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OSSTMM 2.1. - The Open Source Security Testing Methodology Manual 23 August 2003

IDS Test Template


IDS type This test is to determine the IDS type and sphere of protection or influence. IDS type protection range by IP

Flood Attack This test is to measure the IDSs response capabilities in the event of many attacks of various priorities coming through at once. flood type description of attack duration result

Obfuscated URLs This test addresses the IDSs ability to address disguised URLs for attacking web servers. encoding type URL sent result

Speed Adjustments This test measures the IDSs sensitivity to scans over definitive time periods. packet description 1 minute 5 minutes 60 minutes 24 hours Behavior Attacks This test measures the IDSs sensitivity to many scans of a random nature. description random speed attack random protocol attack random source attack Method Matching This test measures the IDSs sensitivity to web server scans of unknown methods. result HEAD POST PUT DELETE PATCH PROPFIND PROPPATCH MKCOL COPY MOVE LOCK UNLOCK result delay result

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OSSTMM 2.1. - The Open Source Security Testing Methodology Manual 23 August 2003

Source Port Control This test measures the use of scanning with specific source ports through the IDS without alarm. Protocol UDP UDP TCP TCP Source 53 161 443 22 Result

Spoof Responses This test is to measure the firewalls Access Control List rules by IP address. connection response description from to

Fragments This test measures the ability of the IDS to handle tiny fragmented packets. Result

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OSSTMM 2.1. - The Open Source Security Testing Methodology Manual 23 August 2003

Social Engineering Target Template


Target Definition
Name E-mail Telephone Description

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OSSTMM 2.1. - The Open Source Security Testing Methodology Manual 23 August 2003

Social Engineering Telephone Attack Template


Attack Scenario Telephone # Person Description

Results

Attack Scenario Telephone # Person Description

Results

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OSSTMM 2.1. - The Open Source Security Testing Methodology Manual 23 August 2003

Social Engineering E-mail Attack Template


Attack Scenario Email Person Description

Results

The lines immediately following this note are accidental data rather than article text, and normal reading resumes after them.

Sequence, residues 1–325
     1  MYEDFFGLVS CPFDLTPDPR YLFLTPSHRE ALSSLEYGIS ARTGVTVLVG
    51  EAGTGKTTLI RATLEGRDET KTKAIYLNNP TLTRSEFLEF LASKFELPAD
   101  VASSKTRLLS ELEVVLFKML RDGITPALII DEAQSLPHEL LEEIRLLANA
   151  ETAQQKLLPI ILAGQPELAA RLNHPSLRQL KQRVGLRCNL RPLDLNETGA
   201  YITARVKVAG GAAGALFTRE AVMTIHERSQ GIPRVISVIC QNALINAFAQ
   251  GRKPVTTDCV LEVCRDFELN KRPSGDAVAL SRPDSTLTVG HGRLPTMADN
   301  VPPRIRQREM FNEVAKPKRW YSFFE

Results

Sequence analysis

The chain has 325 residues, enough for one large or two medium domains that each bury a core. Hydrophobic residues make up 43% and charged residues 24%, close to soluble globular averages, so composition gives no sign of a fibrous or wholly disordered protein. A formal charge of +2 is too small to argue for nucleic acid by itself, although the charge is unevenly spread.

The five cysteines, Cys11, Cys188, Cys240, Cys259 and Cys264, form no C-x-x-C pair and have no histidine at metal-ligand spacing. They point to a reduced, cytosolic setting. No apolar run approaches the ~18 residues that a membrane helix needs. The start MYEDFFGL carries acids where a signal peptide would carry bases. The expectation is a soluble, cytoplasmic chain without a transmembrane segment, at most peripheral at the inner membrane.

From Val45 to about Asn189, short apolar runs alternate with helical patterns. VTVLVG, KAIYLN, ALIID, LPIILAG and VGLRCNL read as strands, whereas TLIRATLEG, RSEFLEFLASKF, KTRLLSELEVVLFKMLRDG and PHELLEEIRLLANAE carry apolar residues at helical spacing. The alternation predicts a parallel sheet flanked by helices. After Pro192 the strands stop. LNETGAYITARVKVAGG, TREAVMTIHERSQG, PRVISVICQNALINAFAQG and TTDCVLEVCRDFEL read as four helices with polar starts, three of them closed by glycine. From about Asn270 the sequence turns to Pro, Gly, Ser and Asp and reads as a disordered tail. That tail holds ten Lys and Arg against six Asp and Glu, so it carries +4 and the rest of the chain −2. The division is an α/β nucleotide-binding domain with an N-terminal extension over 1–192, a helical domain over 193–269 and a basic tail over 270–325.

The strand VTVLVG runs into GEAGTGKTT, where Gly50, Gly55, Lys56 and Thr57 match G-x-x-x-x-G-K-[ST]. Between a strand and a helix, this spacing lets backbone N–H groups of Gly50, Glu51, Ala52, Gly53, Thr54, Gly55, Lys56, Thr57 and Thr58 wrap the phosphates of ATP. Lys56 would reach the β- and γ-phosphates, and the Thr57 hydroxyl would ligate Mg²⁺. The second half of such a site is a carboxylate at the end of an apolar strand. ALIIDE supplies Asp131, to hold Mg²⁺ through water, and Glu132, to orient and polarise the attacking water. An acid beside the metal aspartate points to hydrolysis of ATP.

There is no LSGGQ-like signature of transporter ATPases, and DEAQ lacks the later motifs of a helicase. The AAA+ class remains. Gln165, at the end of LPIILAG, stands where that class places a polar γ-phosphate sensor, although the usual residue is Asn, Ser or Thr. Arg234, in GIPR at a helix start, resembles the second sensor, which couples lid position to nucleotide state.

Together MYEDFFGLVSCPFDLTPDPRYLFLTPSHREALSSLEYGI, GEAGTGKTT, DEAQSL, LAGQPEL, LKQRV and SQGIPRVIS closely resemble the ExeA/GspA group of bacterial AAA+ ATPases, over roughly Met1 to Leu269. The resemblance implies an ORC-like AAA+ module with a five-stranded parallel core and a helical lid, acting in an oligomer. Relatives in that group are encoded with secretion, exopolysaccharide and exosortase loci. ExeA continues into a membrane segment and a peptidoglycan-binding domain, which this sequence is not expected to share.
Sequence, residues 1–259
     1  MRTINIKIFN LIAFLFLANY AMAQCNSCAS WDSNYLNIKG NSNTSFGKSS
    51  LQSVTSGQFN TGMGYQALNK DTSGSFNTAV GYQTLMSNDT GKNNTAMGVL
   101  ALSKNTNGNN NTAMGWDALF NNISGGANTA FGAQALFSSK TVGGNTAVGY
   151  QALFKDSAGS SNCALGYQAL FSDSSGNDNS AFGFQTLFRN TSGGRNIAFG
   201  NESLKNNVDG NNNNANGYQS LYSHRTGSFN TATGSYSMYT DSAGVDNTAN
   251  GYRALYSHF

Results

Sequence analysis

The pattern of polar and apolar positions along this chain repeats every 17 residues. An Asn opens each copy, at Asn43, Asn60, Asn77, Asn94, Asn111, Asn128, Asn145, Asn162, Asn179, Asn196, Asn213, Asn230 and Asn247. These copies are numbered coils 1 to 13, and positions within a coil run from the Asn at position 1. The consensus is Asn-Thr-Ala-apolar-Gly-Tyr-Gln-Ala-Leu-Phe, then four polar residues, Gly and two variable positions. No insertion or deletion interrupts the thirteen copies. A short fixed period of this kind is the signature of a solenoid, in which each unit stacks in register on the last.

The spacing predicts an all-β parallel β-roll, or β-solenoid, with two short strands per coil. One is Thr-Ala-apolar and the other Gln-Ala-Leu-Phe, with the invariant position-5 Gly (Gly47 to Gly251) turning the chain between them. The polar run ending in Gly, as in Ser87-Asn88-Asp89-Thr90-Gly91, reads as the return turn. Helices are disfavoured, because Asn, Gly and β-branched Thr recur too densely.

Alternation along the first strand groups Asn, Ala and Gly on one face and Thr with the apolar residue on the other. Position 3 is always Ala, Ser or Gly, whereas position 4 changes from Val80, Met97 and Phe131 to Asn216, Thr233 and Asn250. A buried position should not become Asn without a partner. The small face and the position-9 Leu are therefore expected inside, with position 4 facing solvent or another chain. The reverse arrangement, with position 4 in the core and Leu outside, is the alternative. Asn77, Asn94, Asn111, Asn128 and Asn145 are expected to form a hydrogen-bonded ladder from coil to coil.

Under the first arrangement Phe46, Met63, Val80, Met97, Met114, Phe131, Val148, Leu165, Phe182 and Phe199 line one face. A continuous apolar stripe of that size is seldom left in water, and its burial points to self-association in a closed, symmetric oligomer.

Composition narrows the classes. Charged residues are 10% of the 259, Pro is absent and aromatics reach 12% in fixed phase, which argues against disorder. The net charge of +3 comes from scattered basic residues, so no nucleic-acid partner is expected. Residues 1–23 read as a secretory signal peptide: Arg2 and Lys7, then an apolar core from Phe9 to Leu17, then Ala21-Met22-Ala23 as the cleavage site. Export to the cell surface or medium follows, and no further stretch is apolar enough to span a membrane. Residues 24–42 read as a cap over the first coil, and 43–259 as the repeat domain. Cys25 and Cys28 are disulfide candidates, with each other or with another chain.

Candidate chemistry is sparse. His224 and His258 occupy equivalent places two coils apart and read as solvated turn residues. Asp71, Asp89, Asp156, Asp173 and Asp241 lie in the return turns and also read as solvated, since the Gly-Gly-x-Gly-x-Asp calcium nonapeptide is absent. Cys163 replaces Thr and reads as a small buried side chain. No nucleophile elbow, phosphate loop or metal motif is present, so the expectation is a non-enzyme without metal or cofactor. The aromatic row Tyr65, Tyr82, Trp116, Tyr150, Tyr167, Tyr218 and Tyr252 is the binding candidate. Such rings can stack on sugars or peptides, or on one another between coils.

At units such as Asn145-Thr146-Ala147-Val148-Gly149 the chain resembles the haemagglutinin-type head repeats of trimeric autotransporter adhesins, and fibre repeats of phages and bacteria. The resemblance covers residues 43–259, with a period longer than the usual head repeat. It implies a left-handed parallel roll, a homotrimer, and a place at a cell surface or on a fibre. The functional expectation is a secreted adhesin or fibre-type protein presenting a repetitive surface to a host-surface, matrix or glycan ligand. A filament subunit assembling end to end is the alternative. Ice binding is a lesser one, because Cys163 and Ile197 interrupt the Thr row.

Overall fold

Attack Scenario Email Person Description

Results

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OSSTMM 2.1. - The Open Source Security Testing Methodology Manual 23 August 2003

Trust Analysis Template


IP Address Description of Trust Domain Name

IP Address Description of Trust

Domain Name

IP Address Description of Trust

Domain Name

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OSSTMM 2.1. - The Open Source Security Testing Methodology Manual 23 August 2003

Privacy Review Template


IP Address Privacy Policy Domain Name

Privacy Violations

IP Address Privacy Policy

Domain Name

Privacy Violations

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OSSTMM 2.1. - The Open Source Security Testing Methodology Manual 23 August 2003

Containment Measures Review Template


IP Address Domain Name Server Anti-virus / Anti-Trojan Mechanisms

Server Response to SAP 27 and 42.zip

Desktop Anti-virus / Anti-Trojan Mechanisms

Desktop Mail Client Types

Desktop Mail Client Vulnerabilities

Desktop Browser Client Types

Desktop Browser Client Vulnerabilities

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OSSTMM 2.1. - The Open Source Security Testing Methodology Manual 23 August 2003

E-Mail Spoofing Template


Attempts
Internal Connect Show the results of a telnet to the mail server and sending a mail from one internal address to another internal address.

Egression Show the results of sending a mail from one internal address to another internal address using an external, third-party pop server.

External Relaying Show the results of sending a mail from one external address to another external address using the target mail server.

Internal Relaying Show the results of sending a mail from one internal address to an external address using the target mail server.

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OSSTMM 2.1. - The Open Source Security Testing Methodology Manual 23 August 2003

Competitive Intelligence Template


IP Address Domain Names Similar Domain Names Total Content Size Number of Documents Number of Products Product List

Number of Services Services List

Method of Sales Restricted Areas

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OSSTMM 2.1. - The Open Source Security Testing Methodology Manual 23 August 2003

Password Cracking Template


Protected File
File name File type Crack time User name Password

Encoded Password File


IP Address Service Port Service Type Protocol File name File type Crack time Login Names

Passwords

Protected Online Service


IP Address Service Port Service Type Protocol Login Names

Passwords

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OSSTMM 2.1. - The Open Source Security Testing Methodology Manual 23 August 2003

Denial of Service Template


System Testing
IP Address Service Port Service Type Protocol Test Description

Test Response

IP Address Service Port Service Type Protocol Test Description

Test Response

Process Testing
Process Persons Location Time / Date Test Description

Test Response

Process Persons Location Time / Date Test Description

Test Response

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OSSTMM 2.1. - The Open Source Security Testing Methodology Manual 23 August 2003

Document Grinding Template


Primary Contacts

Method of Contact

Organizational Information Business Name Business Address

Business Telephone Business Fax Hierarchy Model

Office Hierarchy

Line of Business Operations Legal Structure Year Started Company History

Departments and Responsibilities